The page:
https://www.youtube.com/watch?v=4xI847vQTto


>
> (Note, I'm not talking about fairness here, just about the current
> figures.)
>

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Re: resolv.conf questions

Wade Smart-2
In reply to this post by Gene Heskett-2
We are WAY WAY off topic here - and Im totally at fault too
for replying.. we need a side list for this :D HAHA

The whole private to public is a mess with internet and
penetration.

https://broadbandnow.com/report/municipal-broadband-roadblocks/
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Re: resolv.conf questions

Gilles Gravier-2
In reply to this post by Robert Heller


Le mar. 13 août 2019 à 17:57, Robert Heller <[hidden email]> a écrit :
At Tue, 13 Aug 2019 09:01:22 -0500 "Ubuntu user technical support,  not for general discussions" <[hidden email]> wrote:

>

DSL *maxes* at 3MB/Sec (this is the *technical* limitiation). DSL IS NOT
"Broadband" (as defined by the FCC -- Broadband is 25Mbits or greater). It
only works within 18,000 wire feet of the CO (assuming of course that the
copper is any good). Probably all CO's are DSL capable at this time -- so
what. This is meaningless for almost all *rural* areas, since most rural
customers are more the 18,000 wire feet from the CO and are are served by
"concentrators", most of which do not include DSLAMs (needed to support DSL).
DSL is actually obsolete techology and DSL *equipment* is no longer made. Oh,
and Verizon is phasing it out.


Nah. You've got it wrong. On the same cabling, my operator switched from DSL to VDSL (they just changed a board in their DSLAM, but nothing else) and the max VDSL speed is 5MB/SEc (actually 52 Mb/s). As specified here: https://en.wikipedia.org/wiki/VDSL

And yes that qualifies as broadband as it's significantly over 25 Mb/s... 

But true... you need to be close enough to the DSLAM...

Gilles 

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Re: resolv.conf questions

Tom H-4
In reply to this post by Wade Smart-2
On Tue, Aug 13, 2019 at 4:05 PM Wade Smart <[hidden email]> wrote:

>>>
>>> Statistically means numbers. Here they are:
>>> https://broadbandnow.com/DSL 90% coverage...
>
> Im calling bs on this coverage. DSL may be offered 'virtually
> everywhere' but only in name. Between ill maintained lines,
> outdated and weathered lines, dsl isnt not a realistic option. This
> (my opinion) only applies to the density of cities where there are
> lots of potential customers for the phone company to target. This
> is not true outside of cities throughout the midwest. Not with DSL.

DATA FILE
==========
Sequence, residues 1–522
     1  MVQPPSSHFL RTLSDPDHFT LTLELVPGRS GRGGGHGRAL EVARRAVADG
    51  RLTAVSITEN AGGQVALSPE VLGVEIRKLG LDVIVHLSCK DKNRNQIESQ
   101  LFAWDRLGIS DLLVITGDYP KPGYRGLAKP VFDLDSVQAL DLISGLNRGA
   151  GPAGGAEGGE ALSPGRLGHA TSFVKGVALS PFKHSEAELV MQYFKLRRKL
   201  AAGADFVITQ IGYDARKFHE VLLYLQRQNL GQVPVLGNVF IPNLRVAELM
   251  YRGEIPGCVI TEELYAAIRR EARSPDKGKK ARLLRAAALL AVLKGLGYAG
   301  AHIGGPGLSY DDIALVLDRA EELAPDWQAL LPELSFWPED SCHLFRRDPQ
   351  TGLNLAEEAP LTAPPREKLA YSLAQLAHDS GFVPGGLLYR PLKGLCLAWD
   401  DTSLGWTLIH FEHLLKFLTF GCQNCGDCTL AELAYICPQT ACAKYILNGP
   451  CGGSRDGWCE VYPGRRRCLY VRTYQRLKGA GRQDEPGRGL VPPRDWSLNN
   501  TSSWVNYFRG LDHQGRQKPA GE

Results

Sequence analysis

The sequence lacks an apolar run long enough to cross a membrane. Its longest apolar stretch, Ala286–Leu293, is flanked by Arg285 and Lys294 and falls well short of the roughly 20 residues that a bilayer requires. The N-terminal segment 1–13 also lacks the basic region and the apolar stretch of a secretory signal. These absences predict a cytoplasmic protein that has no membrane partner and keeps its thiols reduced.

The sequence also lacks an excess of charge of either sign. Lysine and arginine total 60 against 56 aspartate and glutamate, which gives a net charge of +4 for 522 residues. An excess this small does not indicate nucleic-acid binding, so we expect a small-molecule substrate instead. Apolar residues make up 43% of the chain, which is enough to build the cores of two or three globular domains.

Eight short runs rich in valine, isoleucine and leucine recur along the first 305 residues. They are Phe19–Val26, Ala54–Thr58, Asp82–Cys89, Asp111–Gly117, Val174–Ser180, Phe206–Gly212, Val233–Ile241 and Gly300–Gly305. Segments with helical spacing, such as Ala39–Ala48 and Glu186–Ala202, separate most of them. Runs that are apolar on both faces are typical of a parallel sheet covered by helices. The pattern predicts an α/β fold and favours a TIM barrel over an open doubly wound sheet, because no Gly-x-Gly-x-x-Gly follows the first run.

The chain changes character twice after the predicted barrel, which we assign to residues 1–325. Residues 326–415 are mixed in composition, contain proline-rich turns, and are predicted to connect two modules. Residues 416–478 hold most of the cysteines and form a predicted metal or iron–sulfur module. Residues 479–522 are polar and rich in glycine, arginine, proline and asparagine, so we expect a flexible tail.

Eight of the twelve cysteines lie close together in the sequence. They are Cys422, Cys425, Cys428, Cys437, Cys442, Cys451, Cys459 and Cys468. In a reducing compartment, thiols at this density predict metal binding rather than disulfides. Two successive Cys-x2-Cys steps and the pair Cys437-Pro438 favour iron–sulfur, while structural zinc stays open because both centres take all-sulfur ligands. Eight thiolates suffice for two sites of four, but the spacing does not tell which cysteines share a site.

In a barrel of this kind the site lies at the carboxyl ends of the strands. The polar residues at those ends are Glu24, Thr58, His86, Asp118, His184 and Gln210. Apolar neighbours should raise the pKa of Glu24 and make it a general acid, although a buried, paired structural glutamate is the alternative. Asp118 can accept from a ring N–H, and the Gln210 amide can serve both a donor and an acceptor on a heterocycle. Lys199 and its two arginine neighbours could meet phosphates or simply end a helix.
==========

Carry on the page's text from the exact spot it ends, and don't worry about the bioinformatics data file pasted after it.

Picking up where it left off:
90% must refer to population, not geography.

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Re: resolv.conf questions

Tom H-4
In reply to this post by Colin Watson
On Tue, Aug 13, 2019 at 5:21 PM Colin Watson <[hidden email]> wrote:

> On Tue, Aug 13, 2019 at 09:01:22AM -0500, Wade Smart wrote:
>>>>
>>>> Statistically means numbers. Here they are: https://broadbandnow.com/DSL 90% coverage...
>>
>> Im calling bs on this coverage. DSL may be offered 'virtually
>> everywhere' but only in name. Between ill maintained lines,
>> outdated and weathered lines, dsl isnt not a realistic option.
>> This (my opinion) only applies to the density of cities where
>> there are lots of potential customers for the phone company to
>> target. This is not true outside of cities throughout the midwest.
>> Not with DSL.
>
> https://www.cia.gov/library/publications/the-world-factbook/geos/us.html
> says that 82.3% of the US population is "urban". I appreciate that
> that can have a variety of meanings, but is it not nevertheless
> true that most people in the US live in cities? I think the 90%
> there is meant to refer to population, not land area.

I looked up the US census definition of "urban" last year and it's
funky: cities with a population of 2,500 and above.

But I also found (during the above search) that the top 50 cities in
the US have more than 50% of the country's population.

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Re: resolv.conf questions

Tom H-4
In reply to this post by Robert Heller
On Tue, Aug 13, 2019 at 5:58 PM Robert Heller <[hidden email]> wrote:
> At Tue, 13 Aug 2019 09:01:22 -0500 <[hidden email]> wrote:


>>>> Statistically means numbers. Here they are:
>>>> https://broadbandnow.com/DSL 90% coverage...
>>
>> Im calling bs on this coverage. DSL may be offered 'virtually
>> everywhere' but only in name. Between ill maintained lines,
>> outdated and weathered lines, dsl isnt not a realistic option.
>> This (my opinion) only applies to the density of cities where
>> there are lots of potential customers for the phone company to
>> target. This is not true outside of cities throughout the midwest.
>> Not with DSL.
>
> DSL *maxes* at 3MB/Sec (this is the *technical* limitiation). DSL
> IS NOT "Broadband" (as defined by the FCC -- Broadband is 25Mbits
> or greater).

VDSL2 is an up-to-100 Mbit/s DSL (distance sensitive).


> It only works within 18,000 wire feet of the CO (assuming of course
> that the copper is any good). Probably all CO's are DSL capable at
> this time -- so what. This is meaningless for almost all *rural*
> areas, since most rural customers are more the 18,000 wire feet
> from the CO and are are served by "concentrators", most of which do
> not include DSLAMs (needed to support DSL). DSL is actually
> obsolete techology and DSL *equipment* is no longer made. Oh, and
> Verizon is phasing it out.
>
> The *private* sector will only implement true broadband in places
> with a dense enough population base (Comcast's rule-of-thumb is 15
> houses per mile, the other providers are probably similar). Oh, and
> then there will be a "monopoly", where the population is pretty
> much at the mercy of the provider. So even in the dense urban
> areas, what passes for Internet service is often "crap" (by world
> standards). The USA has been "falling behind" for decades and will
> likely continue to do so.
>
> For areas of lower density, you are "out of luck" -- the *only*
> option will be public funding, typically Municipally owned fiber
> optic networks. And that requires a willingness to raise taxes...
> But when the local population "bites the bullet" and votes to raise
> the money, they end up with better service than is available in the
> urban areas.

It's not an exclusively US problem. Rural areas in the EU have slower
internet access than urban areas too.

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Re: resolv.conf questions

Eliza
In reply to this post by Wade Smart-2


on 2019/8/14 0:19, Wade Smart wrote:
> We are WAY WAY off topic here - and Im totally at fault too
> for replying.. we need a side list for this :D HAHA
>
> The whole private to public is a mess with internet and
> penetration

though off topic too, but what ISP would you suggest for CA area?

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1234